I’m so happy to be able to bring you good news once again! Lea is making progress. She is still in critical condition, and things could fall through the floor at any moment, but for now, she keeps making little baby steps of progress. I have to keep reminding myself that this healing process is going to take months, and not allow myself to be so optimistic as to be unrealistic.

Lea’s kidneys appear to be restarting. She is making urine, and lots of it. The nurses call it liquid gold. When the kidneys work properly they filter impurities from the blood as well as removing excess water from the body. She is building up a little fluid in her tissues again, because the kidneys are not up to full speed yet.

This could be a false start in which the kidneys make only “junk” water, not removing impurities from the blood. That is useless kidney function, and we won’t know for a few days whether we are going to get reliable service. But, once the kidneys demonstrate that they will function properly Lea can be given Lasix, a diuretic, to remove the excess water from her system.

This afternoon, at about 4:00 p.m. the respiratory therapist, Kathy, came in and took Lea off the ventilator for a few moments to see if she would breathe on her own. After an agonizing few seconds of silence, she took a quick, deep, breath, and began breathing without any help from the machine. She is still breathing through the ventilator hose in case they need to have it take over again, but she was doing all the work with her own lungs.

The plan was to have her try to breathe on her own for up to four hours, and then put her back on the ventilator to give her some rest. However, at eight o’clock she was still breathing easily, and was absorbing 99% of the oxygen she needed, so Kathy decided to let her go another hour! There will be repeated “practice” sessions to help Lea’s lungs regain their normal strength so she won’t need the ventilator at all.

Dr. Mah stopped by at 5:00 p.m. to see how Lea was doing, and whether she needed any assistance to revision to the support she was receiving. After examining her and checking her pulse, blood pressure and oxygen levels, he said that she was doing “terrific.” She continued a moderate temperature due to all the work her body is having to do right now, but she cools down pretty quickly when I apply damp cloths to her forehead and swab her arms and legs.

Tomorrow, Thursday, is another surgery day, but Dr. Mah plans to do the procedure at the bedside in her Intensive Care Unit, rather than in the Operating Room. If she looks good again tomorrow, Dr. Mah stated that they might extend her surgeries to every third day, rather than every other day. They may also decide to sew up the left side of the incision, since that side is healing, and do remaining surgeries through her right side, which is still active.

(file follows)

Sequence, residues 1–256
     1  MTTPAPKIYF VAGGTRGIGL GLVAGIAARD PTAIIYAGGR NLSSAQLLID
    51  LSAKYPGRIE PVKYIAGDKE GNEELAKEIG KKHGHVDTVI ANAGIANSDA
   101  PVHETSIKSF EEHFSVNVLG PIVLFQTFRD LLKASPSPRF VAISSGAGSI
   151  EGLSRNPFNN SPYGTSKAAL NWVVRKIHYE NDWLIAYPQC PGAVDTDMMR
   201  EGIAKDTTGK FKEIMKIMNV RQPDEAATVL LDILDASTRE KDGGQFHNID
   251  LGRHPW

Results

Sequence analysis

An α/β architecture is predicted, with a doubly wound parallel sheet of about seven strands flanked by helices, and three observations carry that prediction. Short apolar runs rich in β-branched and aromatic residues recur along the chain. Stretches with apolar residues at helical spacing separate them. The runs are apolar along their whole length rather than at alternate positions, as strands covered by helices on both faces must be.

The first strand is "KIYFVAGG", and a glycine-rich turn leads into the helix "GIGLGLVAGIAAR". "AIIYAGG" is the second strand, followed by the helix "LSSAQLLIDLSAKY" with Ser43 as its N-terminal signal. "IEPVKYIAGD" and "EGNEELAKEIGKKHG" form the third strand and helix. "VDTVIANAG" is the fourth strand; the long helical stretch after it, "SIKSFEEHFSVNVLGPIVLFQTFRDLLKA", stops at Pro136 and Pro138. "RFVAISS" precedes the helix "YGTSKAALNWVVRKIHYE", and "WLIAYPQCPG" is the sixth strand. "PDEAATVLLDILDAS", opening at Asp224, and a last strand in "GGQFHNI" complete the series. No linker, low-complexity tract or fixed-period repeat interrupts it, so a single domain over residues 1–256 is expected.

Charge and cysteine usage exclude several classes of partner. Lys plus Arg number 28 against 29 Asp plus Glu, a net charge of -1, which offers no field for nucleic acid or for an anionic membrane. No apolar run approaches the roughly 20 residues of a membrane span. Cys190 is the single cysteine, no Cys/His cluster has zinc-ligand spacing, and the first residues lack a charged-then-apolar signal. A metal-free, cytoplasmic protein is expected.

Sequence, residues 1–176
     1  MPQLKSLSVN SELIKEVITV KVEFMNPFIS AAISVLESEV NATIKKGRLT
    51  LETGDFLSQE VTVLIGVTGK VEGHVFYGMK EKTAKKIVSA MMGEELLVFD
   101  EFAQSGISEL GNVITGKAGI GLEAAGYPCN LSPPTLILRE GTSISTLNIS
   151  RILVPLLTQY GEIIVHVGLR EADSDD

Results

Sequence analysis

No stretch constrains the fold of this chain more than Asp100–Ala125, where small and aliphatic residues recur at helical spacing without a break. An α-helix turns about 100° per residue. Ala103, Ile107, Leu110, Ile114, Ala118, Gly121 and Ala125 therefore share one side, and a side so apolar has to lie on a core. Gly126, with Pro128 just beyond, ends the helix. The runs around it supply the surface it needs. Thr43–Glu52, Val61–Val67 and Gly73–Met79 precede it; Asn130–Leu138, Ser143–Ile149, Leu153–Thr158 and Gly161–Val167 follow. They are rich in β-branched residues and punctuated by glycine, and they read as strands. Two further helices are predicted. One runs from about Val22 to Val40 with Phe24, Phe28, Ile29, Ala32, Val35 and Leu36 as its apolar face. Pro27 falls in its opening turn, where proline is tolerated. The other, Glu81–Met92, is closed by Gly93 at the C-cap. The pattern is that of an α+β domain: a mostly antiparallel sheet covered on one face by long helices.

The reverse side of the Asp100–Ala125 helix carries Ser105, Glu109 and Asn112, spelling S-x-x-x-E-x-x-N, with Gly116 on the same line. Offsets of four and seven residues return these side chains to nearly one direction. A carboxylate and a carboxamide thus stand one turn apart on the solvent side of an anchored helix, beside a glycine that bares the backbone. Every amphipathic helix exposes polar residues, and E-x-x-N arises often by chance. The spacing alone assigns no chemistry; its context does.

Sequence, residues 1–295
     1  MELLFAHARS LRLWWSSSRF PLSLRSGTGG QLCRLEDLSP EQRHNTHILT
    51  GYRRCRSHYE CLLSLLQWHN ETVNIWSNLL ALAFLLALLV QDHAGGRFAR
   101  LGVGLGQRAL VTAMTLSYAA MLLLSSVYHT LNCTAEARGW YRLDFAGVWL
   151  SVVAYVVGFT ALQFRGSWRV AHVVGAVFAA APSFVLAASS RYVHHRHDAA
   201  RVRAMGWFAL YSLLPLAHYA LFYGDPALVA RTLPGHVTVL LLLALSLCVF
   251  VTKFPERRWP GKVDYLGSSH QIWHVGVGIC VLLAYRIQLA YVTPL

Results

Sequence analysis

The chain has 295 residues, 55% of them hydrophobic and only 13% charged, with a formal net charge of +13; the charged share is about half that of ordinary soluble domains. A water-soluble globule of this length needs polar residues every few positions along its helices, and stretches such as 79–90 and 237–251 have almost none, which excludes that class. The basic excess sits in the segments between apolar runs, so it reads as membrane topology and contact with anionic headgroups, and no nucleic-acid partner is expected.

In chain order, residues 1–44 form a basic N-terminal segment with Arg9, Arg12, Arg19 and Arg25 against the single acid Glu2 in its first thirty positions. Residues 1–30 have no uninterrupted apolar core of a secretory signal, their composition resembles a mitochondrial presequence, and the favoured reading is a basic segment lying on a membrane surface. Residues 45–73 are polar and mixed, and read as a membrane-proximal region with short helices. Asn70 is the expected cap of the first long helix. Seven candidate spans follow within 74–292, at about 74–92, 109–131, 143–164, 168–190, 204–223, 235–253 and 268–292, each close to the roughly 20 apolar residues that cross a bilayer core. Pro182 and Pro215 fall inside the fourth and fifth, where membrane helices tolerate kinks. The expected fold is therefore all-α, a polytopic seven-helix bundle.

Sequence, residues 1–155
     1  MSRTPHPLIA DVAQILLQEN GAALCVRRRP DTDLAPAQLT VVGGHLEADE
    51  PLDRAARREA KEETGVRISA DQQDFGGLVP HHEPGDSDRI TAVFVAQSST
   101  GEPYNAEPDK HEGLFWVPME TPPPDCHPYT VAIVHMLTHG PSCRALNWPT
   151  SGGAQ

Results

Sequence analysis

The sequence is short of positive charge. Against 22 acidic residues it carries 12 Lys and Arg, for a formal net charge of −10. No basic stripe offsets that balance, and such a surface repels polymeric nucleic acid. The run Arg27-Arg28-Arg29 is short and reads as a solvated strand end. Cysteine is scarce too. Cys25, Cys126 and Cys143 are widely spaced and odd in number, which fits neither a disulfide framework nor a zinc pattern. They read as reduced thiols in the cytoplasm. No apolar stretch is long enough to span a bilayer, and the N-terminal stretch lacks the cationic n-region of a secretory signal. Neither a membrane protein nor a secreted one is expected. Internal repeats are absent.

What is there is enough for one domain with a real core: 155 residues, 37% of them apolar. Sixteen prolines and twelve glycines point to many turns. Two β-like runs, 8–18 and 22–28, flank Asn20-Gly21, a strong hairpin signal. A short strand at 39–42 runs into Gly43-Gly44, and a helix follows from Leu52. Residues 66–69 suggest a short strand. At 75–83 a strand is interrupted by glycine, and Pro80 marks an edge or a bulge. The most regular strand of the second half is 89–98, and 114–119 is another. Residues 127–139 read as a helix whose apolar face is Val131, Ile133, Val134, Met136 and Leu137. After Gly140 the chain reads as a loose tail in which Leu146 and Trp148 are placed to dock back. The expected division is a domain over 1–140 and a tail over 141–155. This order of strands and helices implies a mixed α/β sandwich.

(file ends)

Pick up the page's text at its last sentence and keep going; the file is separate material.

We are still several weeks of surgeries away from the point of feeling “confident” of her recovery, but as Dr. Kirton told me yesterday, “We are a little less “cautious” and a little more “optimistic.” That isn’t anywhere near “confident” yet, but I’ll take it until we get there!

So, let me give you a status of where we are:

Lea was airlifted to this hospital in “Very Critical” condition. She is making good progress, is in an intensive care unit where the nurses have only two patients to care for, and is now in “Critical” condition.

Her heart appears to be fine, and she requires only very low doses of medication occasionally to maintain her blood pressure. Her kidneys are starting to produce good levels of urine. Labs tests over the next few days will indicate whether they are doing their job, or if she will have to go back on dialysis.

Her lungs appear to have restarted, and will be strengthened over the next several days to see if she can be weaned from the support provided by the machine. Hopefully this can be achieved without introducing pneumonia.

If all this goes well, she will be in “Critical” condition, and remain in the Intensive Care Unit.

Surgeries will continue over the next several weeks. If the pancreas heals, and doesn’t negatively impact any other organ or surrounding tissue, the surgeons will start closing her up . . . first one side, then the other.

Once the surgeries are completed, and the healing process begins, she will be in “Critical” condition. One of the main problems with this type surgical process is that after the abdominal cavity is closed up and allowed to heal, pockets of fluid build up in the abdomen over a period of several weeks. These fluids can be removed by using hypodermic syringes. Dr Mah said that he feels this is a more dangerous procedure than the series of surgeries being done now.

If things go well in this step, she could be downgraded to “Guarded” condition, in which the intensive watch for infection in organs or abdominal tissues continues. We are still many weeks away from this stage, and we have to keep taking the baby steps to work our way there. God is at work helping Lea recover, and she needs our prayer to heal all these organs, and get her through all the surgeries.

I anxiously await the day when the current incision is closed up and healed well enough that she can come up out of the sedation she has to have to control the pain. What a glorious day that will be! We will then begin working on recovery of the use of her vocal cords, and the sound of her sweet voice. I can hardly wait!

Gratefully yours,

Larry

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